Potomac Valley Hospital Virtual ICU Proving Helpful to Community.

Pictured from left to right:
Charles Bess, M.D., medical director for Potomac Valley Hospital, Alison Wilson, M.D., executive director for the Critical Care and Trauma Institute, Rabie Zalzal, M.D., and Mark Boucot, MBA, FACHE, President and CEO of Potomac Valley HospitalCaption

WVU Medicine Potomac Valley Hospital (PVH) became the pilot site for a telemedicine Intensive Care Unit Program initiative of the West Virginia University Health System. The Virtual ICU, or V-ICU, opened in October 2018 and 35 patients were admitted into the unit in its first thirty days of operation. Through telemedicine, providers from PVH are able to work in collaboration with board certified Intensivists from WVU Medicine’s J.W. Ruby Memorial Hospital. Patients are able to receive a higher level of care and more acute treatment close to home, without having to travel for their care.

Through the drive of PVH President and CEO, Mark Boucot, the V-ICU initiative is now a reality for the residents of Mineral County and the surrounding region. Alison Wilson, M.D., executive director for the Critical Care and Trauma Institute has been spearheading the project on behalf of WVU Medicine, to get the project started. Utilizing video technology, Dr. Wilson and her team of Intensivists conduct “virtual rounds” with the ICU patients and are available on-call, 24-hours to help support local physicians with emergent concerns.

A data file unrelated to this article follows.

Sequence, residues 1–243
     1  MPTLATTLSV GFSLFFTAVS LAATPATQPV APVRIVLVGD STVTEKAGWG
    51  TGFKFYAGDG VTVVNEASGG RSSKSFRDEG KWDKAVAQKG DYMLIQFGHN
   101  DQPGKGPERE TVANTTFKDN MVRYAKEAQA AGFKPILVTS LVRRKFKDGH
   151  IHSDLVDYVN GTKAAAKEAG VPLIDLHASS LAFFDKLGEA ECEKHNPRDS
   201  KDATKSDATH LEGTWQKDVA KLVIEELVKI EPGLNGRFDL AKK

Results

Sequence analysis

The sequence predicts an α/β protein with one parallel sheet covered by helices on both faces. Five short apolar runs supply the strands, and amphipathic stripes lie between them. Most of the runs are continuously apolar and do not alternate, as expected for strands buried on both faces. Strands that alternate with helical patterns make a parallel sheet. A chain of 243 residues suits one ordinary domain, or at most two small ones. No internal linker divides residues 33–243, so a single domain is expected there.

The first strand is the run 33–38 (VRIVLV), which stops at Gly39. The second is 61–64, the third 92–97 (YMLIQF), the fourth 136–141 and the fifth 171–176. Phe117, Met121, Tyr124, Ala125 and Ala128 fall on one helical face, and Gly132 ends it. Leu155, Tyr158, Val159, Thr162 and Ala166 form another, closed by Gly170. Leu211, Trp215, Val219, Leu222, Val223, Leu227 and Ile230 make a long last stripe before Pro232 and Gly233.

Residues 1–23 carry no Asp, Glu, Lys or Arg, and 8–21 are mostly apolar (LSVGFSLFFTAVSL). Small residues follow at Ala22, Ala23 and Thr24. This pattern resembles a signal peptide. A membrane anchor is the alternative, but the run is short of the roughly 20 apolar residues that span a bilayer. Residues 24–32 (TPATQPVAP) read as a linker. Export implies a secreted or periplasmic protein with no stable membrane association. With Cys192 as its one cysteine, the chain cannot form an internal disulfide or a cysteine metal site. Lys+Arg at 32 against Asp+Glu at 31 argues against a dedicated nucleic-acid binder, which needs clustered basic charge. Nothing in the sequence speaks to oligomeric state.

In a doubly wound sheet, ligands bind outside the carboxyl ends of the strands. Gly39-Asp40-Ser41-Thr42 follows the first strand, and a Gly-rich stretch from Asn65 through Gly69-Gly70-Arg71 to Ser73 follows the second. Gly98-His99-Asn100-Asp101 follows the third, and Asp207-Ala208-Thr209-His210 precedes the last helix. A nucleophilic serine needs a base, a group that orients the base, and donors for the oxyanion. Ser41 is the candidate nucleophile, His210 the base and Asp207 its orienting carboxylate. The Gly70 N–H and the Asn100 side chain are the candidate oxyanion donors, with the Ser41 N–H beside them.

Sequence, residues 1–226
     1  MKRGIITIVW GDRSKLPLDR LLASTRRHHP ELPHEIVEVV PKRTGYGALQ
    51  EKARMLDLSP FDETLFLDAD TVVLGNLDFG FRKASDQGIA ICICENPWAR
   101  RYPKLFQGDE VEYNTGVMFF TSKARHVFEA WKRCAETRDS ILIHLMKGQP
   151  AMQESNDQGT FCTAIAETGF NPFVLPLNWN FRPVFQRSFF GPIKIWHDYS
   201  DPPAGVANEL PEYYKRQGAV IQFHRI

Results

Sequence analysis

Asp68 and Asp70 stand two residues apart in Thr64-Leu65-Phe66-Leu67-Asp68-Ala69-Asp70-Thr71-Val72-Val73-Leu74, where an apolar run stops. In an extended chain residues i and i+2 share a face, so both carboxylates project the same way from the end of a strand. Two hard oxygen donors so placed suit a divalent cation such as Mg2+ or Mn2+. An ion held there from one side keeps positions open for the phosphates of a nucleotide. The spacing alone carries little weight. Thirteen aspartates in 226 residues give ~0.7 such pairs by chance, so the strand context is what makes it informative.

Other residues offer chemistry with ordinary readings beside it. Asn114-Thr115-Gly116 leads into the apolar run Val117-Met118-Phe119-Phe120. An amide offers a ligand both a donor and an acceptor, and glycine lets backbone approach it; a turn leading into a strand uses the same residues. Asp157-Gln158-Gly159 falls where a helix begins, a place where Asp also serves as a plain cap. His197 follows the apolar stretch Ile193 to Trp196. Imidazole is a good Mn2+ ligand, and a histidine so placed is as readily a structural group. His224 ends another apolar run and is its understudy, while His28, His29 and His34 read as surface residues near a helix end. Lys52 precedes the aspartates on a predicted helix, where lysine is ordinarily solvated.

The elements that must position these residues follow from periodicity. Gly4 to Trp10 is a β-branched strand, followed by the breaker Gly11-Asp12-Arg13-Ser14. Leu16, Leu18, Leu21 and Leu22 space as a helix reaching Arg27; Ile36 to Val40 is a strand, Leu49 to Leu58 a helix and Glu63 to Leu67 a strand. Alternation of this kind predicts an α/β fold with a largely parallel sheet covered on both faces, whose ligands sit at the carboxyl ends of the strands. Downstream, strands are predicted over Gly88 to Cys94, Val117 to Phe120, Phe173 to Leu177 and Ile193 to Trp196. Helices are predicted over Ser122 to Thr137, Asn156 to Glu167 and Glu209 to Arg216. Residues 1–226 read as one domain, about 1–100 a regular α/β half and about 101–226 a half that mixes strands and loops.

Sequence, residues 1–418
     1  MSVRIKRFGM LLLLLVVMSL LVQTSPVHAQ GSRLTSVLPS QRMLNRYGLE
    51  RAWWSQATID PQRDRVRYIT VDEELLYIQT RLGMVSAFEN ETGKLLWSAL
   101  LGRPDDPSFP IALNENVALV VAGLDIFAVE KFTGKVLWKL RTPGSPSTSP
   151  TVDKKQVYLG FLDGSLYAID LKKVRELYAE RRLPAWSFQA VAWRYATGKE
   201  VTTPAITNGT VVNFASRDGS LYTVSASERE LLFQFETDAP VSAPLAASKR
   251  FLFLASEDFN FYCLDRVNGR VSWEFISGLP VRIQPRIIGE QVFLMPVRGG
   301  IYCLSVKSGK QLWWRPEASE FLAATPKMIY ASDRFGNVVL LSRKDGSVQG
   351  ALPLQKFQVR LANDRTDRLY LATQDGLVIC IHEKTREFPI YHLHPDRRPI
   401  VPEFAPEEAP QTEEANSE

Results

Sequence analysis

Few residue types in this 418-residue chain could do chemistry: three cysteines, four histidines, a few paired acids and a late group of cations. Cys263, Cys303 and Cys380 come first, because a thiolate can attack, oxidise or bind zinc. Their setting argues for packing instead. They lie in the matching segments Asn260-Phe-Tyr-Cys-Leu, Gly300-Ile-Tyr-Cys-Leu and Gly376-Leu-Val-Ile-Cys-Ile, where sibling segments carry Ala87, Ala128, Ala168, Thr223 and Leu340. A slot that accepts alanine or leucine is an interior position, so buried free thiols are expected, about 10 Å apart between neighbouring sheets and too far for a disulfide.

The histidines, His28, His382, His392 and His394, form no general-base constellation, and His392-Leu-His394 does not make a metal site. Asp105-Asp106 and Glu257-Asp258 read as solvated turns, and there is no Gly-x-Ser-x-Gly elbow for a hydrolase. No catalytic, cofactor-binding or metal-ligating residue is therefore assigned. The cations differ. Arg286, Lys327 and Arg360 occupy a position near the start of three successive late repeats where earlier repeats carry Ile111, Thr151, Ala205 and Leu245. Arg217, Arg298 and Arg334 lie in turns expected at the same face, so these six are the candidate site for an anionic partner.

“We round with the local team, discuss the issues and develop a plan for each patient. Care is coordinated in partnership with the local hospital staff to assure continuity as the local team involved and understands the specific needs of each patient. This partnership builds trust and relationships with the providers at Potomac Valley Hospital and assures effective patient care management. It has been a pleasure to work with Potomac Valley Hospital to start this innovative team approach to help support the care being delivered to acutely ill patients,” said Dr. Wilson.

Charles Bess, MD, a physician at Potomac Valley Hospital, said, “The VICU has proven to be an invaluable resource to our facility. He continued,

“Providers are able to discuss patient care one-on-one with intensivists at WVU Medicine with the simple click of a button. While data and numbers may reveal information about a patient’s illness, the hands on partnership with the WVU critical care team advances evidence based practice in the most crucial setting. This program allows the care team to share the decision-making processes and implement treatment and/or interventions quickly. In the past, this level of care could only be provided at larger tertiary facilities.”

One of the main goals of the pilot VICU program at Potomac Valley Hospital is to increase the capabilities of local hospitals so patients will be able to be treated closer to home and not have to be transferred to a larger facility. Being able to keep patients close to home aims to lessen the stress placed on families, as well as the patients.

“Potomac Valley Hospital is taking a major leap forward in both patient care and advancing the use of telemedicine. Being able to provide this high level of service to patients will allow them to receive intensive care services right here in their own community, and reduce the need to travel so far for care,” says Mark Boucot, president and CEO of Potomac Valley Hospital and Garrett Regional Medical Center. He continued, “It’s very important for me, as a healthcare leader in our community, to assure that the services we have available meet the highest standards of evidence-based patient care that each of us would want for our own family members. The hospital is working hard to improve and expand the access to those services for Mineral County and the surrounding communities.”